Hey Drudge, Daily Caller: This Is What A Real Moderator Conflict Of Interest Looks LikeOctober 10, 2012 3:51 PM EDT ››› OLIVER WILLIS
The Daily Caller and the Drudge Report are hyping the fact that Barack Obama attended vice presidential debate moderator Martha Raddatz's wedding to Julius Genachowski (now the head of the FCC) in 1991 as evidence of a conflict of interest.
CNBC/New York Times journalist John Harwood dismissed the complaints from what he described as "'bias' babies," noting the couple "divorced years ago" (in 1997). Peter Eyre, an adviser to the debate commission, told USA Today that "The notion that that somehow affects her ability is not something we have given a moment's thought to." Fox's Greta Van Susteren reports that Rep. Paul Ryan's campaign "has no concerns" about Raddatz moderating, adding, "this should end any complaints about ABC's Martha Raddatz moderating tomorrow night's VP debate."
The Caller/Drudge allegations appear even weaker when compared to the case of Bob Schieffer, who moderated the third presidential debate in 2004 and faced an actual conflict of interest.
A year before that debate, Schieffer told Howard Kurtz that "it's always difficult to cover someone you know personally," a reference to what Mother Jones described as "a golfing friendship" between Schieffer and President George W. Bush that had developed during the 1990s. Mother Jones also noted that Schieffer claimed Bush had been asked "tough questions" in the lead-up to the Iraq War and argued that "the notion that Bush is a Bible-thumping conservative Republican of that ilk is something that's sort of hard to believe" when then-candidate Bush visited the controversial Bob Jones University in 2000 (at the time, the school had a ban on interracial dating in place.)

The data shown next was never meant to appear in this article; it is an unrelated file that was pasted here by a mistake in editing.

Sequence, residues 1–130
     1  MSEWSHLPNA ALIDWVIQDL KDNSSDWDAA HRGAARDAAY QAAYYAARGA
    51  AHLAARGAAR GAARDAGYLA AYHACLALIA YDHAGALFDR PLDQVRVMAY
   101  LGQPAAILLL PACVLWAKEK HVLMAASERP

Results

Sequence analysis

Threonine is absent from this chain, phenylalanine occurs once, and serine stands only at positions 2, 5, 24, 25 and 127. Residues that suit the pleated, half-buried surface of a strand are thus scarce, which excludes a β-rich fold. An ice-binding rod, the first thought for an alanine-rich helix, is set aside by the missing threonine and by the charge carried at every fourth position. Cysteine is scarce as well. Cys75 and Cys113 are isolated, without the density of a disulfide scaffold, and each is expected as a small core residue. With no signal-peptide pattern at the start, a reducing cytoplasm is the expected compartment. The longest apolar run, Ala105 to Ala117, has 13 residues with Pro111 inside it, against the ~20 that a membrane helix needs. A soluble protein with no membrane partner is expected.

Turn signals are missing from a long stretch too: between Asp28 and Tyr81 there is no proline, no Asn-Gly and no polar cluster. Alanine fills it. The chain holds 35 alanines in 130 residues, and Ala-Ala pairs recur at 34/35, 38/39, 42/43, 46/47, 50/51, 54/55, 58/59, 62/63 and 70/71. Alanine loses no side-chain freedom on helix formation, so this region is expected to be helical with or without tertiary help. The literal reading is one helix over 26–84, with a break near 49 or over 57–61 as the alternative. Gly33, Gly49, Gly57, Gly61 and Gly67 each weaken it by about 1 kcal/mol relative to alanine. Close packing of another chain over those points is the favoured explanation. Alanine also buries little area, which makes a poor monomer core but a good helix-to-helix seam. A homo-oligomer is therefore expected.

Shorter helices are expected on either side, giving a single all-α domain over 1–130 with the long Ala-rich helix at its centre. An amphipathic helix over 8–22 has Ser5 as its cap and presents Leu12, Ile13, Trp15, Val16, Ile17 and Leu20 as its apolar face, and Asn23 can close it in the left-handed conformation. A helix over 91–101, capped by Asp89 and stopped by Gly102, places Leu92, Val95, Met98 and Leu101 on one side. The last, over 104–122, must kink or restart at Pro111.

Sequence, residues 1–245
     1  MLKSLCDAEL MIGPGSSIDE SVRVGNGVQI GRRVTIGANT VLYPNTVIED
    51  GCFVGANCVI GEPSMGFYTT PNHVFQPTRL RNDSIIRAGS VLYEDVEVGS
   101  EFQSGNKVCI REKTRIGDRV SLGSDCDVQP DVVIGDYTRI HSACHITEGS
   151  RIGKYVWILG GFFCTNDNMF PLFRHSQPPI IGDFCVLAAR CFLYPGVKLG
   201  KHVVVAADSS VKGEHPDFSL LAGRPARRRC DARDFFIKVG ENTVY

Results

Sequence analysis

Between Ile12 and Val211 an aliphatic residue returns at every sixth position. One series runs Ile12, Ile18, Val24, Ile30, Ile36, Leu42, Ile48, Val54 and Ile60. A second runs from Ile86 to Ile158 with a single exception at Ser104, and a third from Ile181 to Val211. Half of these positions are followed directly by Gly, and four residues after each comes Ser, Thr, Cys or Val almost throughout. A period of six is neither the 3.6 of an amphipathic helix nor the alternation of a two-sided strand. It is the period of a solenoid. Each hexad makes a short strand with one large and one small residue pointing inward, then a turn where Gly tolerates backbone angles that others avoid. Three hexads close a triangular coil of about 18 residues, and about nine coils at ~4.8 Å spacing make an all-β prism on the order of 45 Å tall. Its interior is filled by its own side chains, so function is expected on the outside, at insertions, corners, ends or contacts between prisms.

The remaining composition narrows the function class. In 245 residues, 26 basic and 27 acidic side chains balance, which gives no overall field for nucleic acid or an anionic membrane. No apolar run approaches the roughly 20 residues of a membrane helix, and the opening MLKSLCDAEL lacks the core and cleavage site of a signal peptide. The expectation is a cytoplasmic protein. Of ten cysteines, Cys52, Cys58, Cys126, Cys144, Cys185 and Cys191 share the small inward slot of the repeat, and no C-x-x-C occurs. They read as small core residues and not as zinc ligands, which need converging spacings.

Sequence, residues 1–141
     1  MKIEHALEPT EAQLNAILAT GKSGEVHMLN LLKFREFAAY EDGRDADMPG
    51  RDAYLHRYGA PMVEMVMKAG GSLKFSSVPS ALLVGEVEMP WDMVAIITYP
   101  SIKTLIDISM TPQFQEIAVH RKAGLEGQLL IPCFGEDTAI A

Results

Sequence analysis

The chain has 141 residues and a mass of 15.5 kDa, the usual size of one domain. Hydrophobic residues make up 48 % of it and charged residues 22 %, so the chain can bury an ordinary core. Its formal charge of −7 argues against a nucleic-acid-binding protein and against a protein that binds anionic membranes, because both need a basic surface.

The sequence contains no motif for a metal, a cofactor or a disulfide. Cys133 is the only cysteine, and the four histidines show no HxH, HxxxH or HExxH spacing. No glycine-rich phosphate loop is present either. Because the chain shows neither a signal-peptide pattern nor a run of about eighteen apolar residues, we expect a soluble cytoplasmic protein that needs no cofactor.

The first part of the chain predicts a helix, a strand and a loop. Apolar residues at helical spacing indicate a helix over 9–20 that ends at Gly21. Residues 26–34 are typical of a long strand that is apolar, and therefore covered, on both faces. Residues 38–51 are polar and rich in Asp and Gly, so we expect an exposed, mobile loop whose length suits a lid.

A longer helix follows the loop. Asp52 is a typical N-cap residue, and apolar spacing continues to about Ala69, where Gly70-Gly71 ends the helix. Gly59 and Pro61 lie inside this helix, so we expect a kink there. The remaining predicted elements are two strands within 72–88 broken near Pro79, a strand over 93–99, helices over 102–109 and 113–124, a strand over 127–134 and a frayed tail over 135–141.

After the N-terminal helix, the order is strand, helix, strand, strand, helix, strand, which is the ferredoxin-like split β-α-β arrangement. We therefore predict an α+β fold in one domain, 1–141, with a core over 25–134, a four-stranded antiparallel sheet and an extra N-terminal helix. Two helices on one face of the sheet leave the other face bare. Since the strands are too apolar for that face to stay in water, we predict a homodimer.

Schieffer's younger brother, Tom Schieffer, had a long-term business relationship with Bush. He was part of Bush's baseball investment team, investing $1.4 million for a 4.2 percent interest in the Texas Rangers. Tom Schieffer also served as team president of the Rangers from 1991-99. The investment group sold the Rangers in 1998 for $250 million.
The relationship continued after Bush was elected president. Bush appointed Tom Schieffer as U.S. ambassador to Australia, a post he served in from 2001-5. In Bush's second term, Schieffer served as U.S. ambassador to Japan. He served in that post from 2005-9.
In his 2007 book, Reality Show, Howard Kurtz wrote that in the 90s "Bob, a baseball fanatic, had gone to games with [Bush], and they spent time together at spring training." He also notes that "Politics aside, Schieffer considered Bush a great guy."
In other words, actual conflicts of interest existed, and Schieffer's own friendship with Bush and his brother's personal and professional relationship with Bush probably should have precluded Schieffer from hosting that debate.
By comparison, the coordinated Caller-Drudge attack (which appears to be a regular thing now) is little more than an attempt to "work the refs" before the debate, in line with Rush Limbaugh's conspiracy theory that Raddatz will "make sure the balance remains in favor of Biden."
It's a way to make excuses for the Romney campaign should the debate go badly for them, then the conservative media can simply blame it on the media and not the politicians.